I remember being baffled by the illusion to the left when I was a child. I think it was the first illusion I saw. The upper and lower blades are identical, but the lower one looks a lot larger. It’s called the Jastrow illusion, and it’s not surprising I was amazed by it, because it’s as puzzling today as it was when Jastrow first published it, over a hundred years ago. To the right are two versions of a similarly mysterious illusion, known either as Titchener’s Circles, (or sometimes as the Ebbinghaus Illusion). The central circles are objectively identical in size as seen to left and right, yet they look smaller when surrounded by the bigger circles and larger when surrounded by smaller circles.
Usually both illusions, Jastrow’s and Titchener’s, have been explained as the result of enhancement of contrasts in size. The key aspect of the Jastrow illusion, the theory goes, is the contrast between the long upper edge of the lower blade, and the short lower edge of the upper blade. The brain amplifies the size contrast between these edges, it is suggested, and the size of the whole figures gets adjusted in the process. The same kind of ramping up size contrast is proposed to explain the circles illusion, but this time it’s the contrast between the inner and outer circles. However, Jacques Ninio, from whose personal site I took the lower right figure, has a much more interesting suggestion …..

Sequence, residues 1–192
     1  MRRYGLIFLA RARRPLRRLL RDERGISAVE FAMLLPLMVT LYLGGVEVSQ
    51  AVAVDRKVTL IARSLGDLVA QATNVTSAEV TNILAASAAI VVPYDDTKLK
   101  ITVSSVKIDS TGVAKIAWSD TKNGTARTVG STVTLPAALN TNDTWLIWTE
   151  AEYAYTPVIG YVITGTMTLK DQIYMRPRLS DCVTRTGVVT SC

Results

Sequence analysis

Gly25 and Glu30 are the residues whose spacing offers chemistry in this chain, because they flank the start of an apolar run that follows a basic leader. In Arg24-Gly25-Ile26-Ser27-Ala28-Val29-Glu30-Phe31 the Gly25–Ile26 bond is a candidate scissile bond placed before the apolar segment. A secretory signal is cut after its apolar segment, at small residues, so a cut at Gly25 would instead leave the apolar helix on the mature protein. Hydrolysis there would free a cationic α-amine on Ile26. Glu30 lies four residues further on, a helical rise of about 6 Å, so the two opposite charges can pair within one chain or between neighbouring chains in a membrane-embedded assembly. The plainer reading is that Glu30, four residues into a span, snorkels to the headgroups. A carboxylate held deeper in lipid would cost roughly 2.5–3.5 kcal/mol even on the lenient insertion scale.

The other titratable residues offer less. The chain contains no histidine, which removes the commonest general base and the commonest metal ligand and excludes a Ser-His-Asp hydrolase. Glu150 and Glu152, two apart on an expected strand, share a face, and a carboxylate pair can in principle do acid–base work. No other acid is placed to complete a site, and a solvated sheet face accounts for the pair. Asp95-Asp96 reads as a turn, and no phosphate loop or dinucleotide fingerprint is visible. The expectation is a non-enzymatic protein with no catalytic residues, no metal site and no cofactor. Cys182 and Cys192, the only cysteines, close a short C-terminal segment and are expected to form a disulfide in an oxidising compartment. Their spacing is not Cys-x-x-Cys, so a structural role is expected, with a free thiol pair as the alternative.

Ninio suggests that Titchener’s circles show an effect directly opposed to the one we see in Jastrow’s blades. With the circles, he proposes, it’s not enhancement of size contrasts between the central circles and the circles surrounding them, but on the contrary an illusory reduction in the real differences in size of the two whole assemblies of central-circle-plus-ring. So according to his proposal we see, for example, the whole figure with the ring of larger circles, upper right, as smaller than it is, and therefore the central ring in that figure looks reduced in size too.
So, according to Ninio, the two illusions, blades and circles, show us on the one hand the brain amplifying contrasts in size between adjacent figures, and on the other reducing differences in size across the field of view. Now that’s something like the way the brain does indeed deal with contrasts of light and dark, and of colour. I’m not aware that we have examples of the effect in everyday vision in relation to size, in the way that we do for tonal and colour contrast, but it’s an interesting idea.
Ninio’s site is not for the faint-hearted. But it’s packed with fascinatingly controversial observations from decades of speculation and research, and I’ll certainly be raiding it for ideas again.
If you enjoy such heavyweight discussions, try here, and here for research papers on the circles illusion. That last study is fascinating. It’s about whether or not, if we try to pick up the central circles in touchable versions of the illusion, our fingers misjudge the size of the circles just as our eyes do.